network's shows, emerged Thursday as a potential bidder. [Page C1.]

Any new owner would have to wrestle with the shifting dynamics of the
company's audience. More Latinos are American-born and English-speaking, and
their tastes in television are changing more quickly than Univision's shows.

That poses challenges not only for Univision but for other Spanish- and
English-language networks. For the first time, networks on each side of the
language divide could significantly expand their audiences by pursuing the
same demographic group: second- and third-generation Latinos who are
bilingual or speak mostly English and are as likely to watch "Fear Factor"
on NBC as "El Gordo y la Flaca" ("The Scoop and the Skinny") on Univision,
and who are largely underserved in either language.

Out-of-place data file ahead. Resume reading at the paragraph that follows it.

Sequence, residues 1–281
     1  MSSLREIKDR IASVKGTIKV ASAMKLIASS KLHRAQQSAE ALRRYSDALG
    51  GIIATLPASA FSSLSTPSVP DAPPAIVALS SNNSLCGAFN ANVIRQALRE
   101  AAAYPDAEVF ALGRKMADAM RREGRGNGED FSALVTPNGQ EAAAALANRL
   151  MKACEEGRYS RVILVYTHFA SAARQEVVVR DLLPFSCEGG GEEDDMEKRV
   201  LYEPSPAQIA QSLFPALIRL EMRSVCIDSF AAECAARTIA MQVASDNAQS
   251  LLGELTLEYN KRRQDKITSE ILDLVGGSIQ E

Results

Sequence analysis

"This audience wants to be validated," said Jeff Valdez, founder of SiTV, a
two-year-old English-language cable network that caters to young Latinos and
multicultural urban youth. "They want to see themselves on screen. They want
to hear their stories."

The guidebook on how to appeal to this acculturated yet ethnically proud
audience is still a work in progress.

SiTV strives for hipness with programs like "Urban Jungle," a reality show
in which 12 young suburbanites move to South Central Los Angeles, and "The
Rub," a talk show about sex and relationships. MegaTV, a new
Spanish-language television station that was started in Miami this month by
the Spanish Broadcasting System radio chain, is offering such fare as an
interactive debate show and the television version of a prank-filled morning
radio show.

Telemundo, the perennial No. 2 Spanish-language network to Univision that is
owned by NBC Universal, is, meanwhile, getting significant bumps in
prime-time ratings from new telenovelas and other one-hour dramas with
contemporary themes, sometimes set in the United States.

So far, Univision, whose officials declined to be interviewed, has captured